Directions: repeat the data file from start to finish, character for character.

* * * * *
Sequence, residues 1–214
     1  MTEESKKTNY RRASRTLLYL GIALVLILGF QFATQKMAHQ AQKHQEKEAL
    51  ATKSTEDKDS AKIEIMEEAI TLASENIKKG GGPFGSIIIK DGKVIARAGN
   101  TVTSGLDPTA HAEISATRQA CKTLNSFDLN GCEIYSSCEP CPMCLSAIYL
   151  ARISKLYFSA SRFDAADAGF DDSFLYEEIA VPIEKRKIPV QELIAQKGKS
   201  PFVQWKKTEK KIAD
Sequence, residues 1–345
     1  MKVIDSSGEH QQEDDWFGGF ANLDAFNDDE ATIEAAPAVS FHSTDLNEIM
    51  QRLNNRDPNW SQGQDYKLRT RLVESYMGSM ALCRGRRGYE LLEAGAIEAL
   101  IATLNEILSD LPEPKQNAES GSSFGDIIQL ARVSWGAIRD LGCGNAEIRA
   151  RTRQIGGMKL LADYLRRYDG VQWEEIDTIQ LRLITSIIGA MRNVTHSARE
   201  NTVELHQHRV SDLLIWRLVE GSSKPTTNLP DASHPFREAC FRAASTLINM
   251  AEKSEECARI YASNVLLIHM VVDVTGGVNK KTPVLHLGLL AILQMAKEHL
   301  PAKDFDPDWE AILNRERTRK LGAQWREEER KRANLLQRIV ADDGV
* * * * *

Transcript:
Sequence, residues 1–214
     1  MTEESKKTNY RRASRTLLYL GIALVLILGF QFATQKMAHQ AQKHQEKEAL
    51  ATKSTEDKDS AKIEIMEEAI TLASENIKKG GGPFGSIIIK DGKVIARAGN
   101  TVTSGLDPTA HAEISATRQA CKTLNSFDLN GCEIYSSCEP CPMCLSAIYL
   151  ARISKLYFSA SRFDAADAGF DDSFLYEEIA VPIEKRKIPV QELIAQKGKS
   201  PFVQWKKTEK KIAD
Sequence, residues 1–345
     1  MKVIDSSGEH QQEDDWFGGF ANLDAFNDDE ATIEAAPAVS FHSTDLNEIM
    51  QRLNNRDPNW SQGQDYKLRT RLVESYMGSM ALCRGRRGYE LLEAGAIEAL
   101  IATLNEILSD LPEPKQNAES GSSFGDIIQL ARVSWGAIRD LGCGNAEIRA
   151  RTRQIGGMKL LADYLRRYDG VQWEEIDTIQ LRLITSIIGA MRNVTHSARE
   201  NTVELHQHRV SDLLIWRLVE GSSKPTTNLP DASHPFREAC FRAASTLINM
   251  AEKSEECARI YASNVLLIHM VVDVTGGVNK KTPVLHLGLL AILQMAKEHL
   301  PAKDFDPDWE AILNRERTRK LGAQWREEER KRANLLQRIV ADDGV